A key part of the power of Liu Pi, the leader of this rebellion, was his ability to mint his own coins and the abundant ore available to do so from his territory. Eventually, this power was removed and all minting of currency was done within three central offices (there were still counterfeit coins, but they couldn't be made on a scale that could sustain a rebellion).

Sources:

  • Records of the Grand Historian, Sima Qian, translated by Burton Watson (Han I and Han II volumes)
  • Military Culture in Imperial China - Chapter 3: The Western Han Army: Organization, Leadership and Operation, Michael Loewe
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Have you by any chance read the book, "Benevolent Chinese Emperors"? (Something like that anyway.) –  Russell Oct 19 '12 at 16:46
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Haven't read it and haven't heard of it. I hope this is the book you're referring to, since it has awesome pictures. books.google.com.au/… –  lins314159 Oct 20 '12 at 0:45
    
That was exactly what I was referring to. :) –  Russell Oct 25 '12 at 10:48
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The Han Dynasty came after the Qin Dyansty, after the government under Shi Huang Di collapsed. Liu Bang is noted as coming from a peasant family and becoming the Han Emperor, about this time there are many books and lots of material to look at. Still during this time China established the Confucian System, which began the Imperial Academies to train those who wanted to enter government, this also opened China to some international trade and during this period Buddhism entered China from India during the time of trade and the creation of the Silk Road.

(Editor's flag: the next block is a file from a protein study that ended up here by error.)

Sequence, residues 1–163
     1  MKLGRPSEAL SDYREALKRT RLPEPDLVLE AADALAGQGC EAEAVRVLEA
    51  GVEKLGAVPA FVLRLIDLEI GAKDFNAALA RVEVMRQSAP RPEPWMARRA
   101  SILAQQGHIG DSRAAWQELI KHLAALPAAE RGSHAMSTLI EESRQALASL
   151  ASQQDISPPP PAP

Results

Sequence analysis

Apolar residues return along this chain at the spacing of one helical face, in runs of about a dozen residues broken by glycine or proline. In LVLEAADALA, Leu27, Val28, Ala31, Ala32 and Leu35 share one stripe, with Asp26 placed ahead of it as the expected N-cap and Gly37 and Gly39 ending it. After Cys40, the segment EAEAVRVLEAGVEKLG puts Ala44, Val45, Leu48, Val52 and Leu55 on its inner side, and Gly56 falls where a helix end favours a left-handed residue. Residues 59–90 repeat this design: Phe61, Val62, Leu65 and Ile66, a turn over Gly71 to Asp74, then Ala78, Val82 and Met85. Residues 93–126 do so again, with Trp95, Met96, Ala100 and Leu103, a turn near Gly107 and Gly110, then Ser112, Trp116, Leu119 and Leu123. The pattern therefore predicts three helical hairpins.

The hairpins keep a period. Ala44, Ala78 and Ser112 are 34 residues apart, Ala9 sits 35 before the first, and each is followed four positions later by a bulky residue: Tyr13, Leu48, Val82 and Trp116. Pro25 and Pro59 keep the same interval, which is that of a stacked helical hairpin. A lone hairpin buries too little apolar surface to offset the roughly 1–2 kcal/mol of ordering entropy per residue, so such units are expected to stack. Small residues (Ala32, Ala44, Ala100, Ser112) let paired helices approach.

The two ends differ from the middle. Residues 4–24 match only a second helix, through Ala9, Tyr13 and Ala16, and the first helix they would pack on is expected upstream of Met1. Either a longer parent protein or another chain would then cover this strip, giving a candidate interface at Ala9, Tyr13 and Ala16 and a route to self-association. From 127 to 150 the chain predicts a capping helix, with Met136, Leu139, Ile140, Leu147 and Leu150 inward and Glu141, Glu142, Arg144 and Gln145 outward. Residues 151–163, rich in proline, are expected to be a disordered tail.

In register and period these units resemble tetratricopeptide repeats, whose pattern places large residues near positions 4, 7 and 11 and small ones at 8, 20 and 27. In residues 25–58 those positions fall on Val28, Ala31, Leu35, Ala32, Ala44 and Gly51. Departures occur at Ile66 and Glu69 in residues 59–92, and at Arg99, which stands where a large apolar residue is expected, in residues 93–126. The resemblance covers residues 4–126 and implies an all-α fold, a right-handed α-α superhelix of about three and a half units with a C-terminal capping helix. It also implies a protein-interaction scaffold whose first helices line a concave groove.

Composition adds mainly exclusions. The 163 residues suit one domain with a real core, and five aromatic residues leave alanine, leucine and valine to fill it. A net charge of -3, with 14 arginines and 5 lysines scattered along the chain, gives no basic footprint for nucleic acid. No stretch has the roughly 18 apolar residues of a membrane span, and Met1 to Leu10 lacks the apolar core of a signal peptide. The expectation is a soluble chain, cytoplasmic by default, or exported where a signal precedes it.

The government was fairly unified, but as during most periods of China you have various levels where the Imperial Government sits on top and dominates, then you have various local levels of control. The Imperial edict is generally respected, after all it comes from the Emperor, which allows lower level officials to work within the system created. There is an army that protects the country, but using marriage as a way to unify and create diplomatic ties to other countries you have ties of politics and blood.

The Han period was also a technological period as well, where China began to develop some of the technological expertise it became known for.

There are many World History sites that refer to the Han overall, including a PDF link that overall goes into how the Imperial soldiers (central army) were in compulsory service, trained and paid. There are periods when China did have lords who provided soldiers, but most of my recollections on that comes from later periods and not this early.

Really to go into more I'd have to get some books together, but this should be a good start.

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Just one clarification, so in the Han Dynasty, there was no central army? –  Russell Oct 19 '12 at 12:26
    
There was an imperial army, I thought the part about compulsory service answered that but I can make it clearer. –  MichaelF Oct 19 '12 at 12:43